There are a number of different ways to use loans to pay premiums, but expertise in this
area is often a necessity to use loans successfully.
• Leverage your retirement plan to pay premiums. Business owners may be able to use
funds in a qualified retirement plan to buy life insurance. A nice benefit is that pretax
dollars are used to pay premiums.*
There are advantages and disadvantages to each approach. Which one works best depends
on a wide variety of factors. But the first step is to understand that you do have options to
consider—there isn’t simply one method.
Being smart about purchasing life insurance
There’s one more issue that you may have to face when considering life insurance. For
the great majority of wealthy and successful people, purchasing life insurance requires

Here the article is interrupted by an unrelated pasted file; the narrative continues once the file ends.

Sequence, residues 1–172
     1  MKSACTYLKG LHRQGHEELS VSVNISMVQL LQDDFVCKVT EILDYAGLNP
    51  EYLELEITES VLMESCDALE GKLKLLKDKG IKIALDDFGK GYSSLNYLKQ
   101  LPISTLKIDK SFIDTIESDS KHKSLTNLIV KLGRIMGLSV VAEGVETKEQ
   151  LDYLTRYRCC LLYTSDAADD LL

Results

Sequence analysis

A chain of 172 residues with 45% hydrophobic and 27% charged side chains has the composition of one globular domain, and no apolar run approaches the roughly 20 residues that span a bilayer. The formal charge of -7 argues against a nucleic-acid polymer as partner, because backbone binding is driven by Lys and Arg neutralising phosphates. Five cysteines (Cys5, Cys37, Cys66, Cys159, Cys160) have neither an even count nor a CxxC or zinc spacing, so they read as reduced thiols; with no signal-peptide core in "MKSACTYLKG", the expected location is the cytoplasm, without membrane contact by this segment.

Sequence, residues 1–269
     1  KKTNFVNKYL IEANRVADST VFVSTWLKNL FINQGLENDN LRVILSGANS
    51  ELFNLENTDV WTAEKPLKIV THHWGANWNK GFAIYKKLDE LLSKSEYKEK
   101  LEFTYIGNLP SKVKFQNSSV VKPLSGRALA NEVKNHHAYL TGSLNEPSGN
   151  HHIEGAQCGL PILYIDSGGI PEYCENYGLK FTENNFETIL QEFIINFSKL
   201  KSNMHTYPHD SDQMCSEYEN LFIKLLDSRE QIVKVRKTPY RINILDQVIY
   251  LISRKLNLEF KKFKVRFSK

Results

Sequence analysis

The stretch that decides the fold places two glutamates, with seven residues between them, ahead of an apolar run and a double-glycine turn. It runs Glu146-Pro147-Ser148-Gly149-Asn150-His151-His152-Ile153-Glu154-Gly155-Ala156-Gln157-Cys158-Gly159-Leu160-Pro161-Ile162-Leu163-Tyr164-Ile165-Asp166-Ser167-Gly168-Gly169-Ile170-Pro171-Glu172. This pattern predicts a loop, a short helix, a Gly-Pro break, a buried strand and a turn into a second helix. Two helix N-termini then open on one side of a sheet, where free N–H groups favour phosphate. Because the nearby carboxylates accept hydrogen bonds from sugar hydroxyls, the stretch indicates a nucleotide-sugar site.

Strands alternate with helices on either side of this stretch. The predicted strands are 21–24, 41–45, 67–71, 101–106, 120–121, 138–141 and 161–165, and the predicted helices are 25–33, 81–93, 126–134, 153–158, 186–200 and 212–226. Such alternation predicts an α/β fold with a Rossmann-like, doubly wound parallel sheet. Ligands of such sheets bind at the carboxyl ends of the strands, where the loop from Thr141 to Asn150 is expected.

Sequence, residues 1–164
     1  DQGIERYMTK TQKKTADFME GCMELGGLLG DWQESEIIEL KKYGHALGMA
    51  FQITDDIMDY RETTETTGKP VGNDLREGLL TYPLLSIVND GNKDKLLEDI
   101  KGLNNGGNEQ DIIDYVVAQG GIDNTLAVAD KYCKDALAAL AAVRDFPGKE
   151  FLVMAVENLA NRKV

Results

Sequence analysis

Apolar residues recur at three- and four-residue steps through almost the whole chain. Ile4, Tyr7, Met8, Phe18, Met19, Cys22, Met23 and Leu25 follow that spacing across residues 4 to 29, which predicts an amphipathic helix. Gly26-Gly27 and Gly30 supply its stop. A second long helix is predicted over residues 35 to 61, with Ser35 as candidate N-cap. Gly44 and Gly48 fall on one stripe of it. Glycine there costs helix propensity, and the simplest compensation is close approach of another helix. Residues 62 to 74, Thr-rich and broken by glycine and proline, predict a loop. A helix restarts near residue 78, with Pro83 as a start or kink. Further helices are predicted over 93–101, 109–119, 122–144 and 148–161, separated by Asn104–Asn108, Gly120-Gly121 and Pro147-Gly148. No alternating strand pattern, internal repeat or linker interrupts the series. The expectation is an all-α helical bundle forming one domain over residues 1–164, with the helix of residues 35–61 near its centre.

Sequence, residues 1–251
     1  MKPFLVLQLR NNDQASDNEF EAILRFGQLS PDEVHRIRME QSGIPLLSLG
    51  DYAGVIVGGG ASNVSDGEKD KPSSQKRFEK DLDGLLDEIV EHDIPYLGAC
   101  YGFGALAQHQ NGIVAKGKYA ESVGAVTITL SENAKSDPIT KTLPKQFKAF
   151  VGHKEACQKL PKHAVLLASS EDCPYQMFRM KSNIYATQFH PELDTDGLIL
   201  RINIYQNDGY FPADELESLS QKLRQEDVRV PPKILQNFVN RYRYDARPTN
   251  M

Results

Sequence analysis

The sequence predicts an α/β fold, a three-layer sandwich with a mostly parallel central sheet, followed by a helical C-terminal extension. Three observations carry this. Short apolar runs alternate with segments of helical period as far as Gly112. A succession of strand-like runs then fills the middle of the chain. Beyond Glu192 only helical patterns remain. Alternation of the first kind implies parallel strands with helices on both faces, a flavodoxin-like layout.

the expertise of professionals. At the same time, an all-too-common complaint about life
insurance is that it is sold aggressively. Sometimes, that complaint is very justified!
If you can answer the three questions above and explain the logic behind the answers, it
is more unlikely that you will end up with life insurance that does not match up well with
your needs and wants. There are industry experts who can help you think through the three
questions as well as help you put any life insurance in place.
Action step: If you are the least bit unsure about the professionals you are presently working
with—or the life insurance you currently have—it is probably a good idea to get a second
opinion about your situation. A second opinion review can help you determine whether you
are on track with your finances and, if not, steps you can consider taking to get on the right
Contact your financial professional to get a second opinion about your life insurance needs
and any existing life insurance policies you have in place.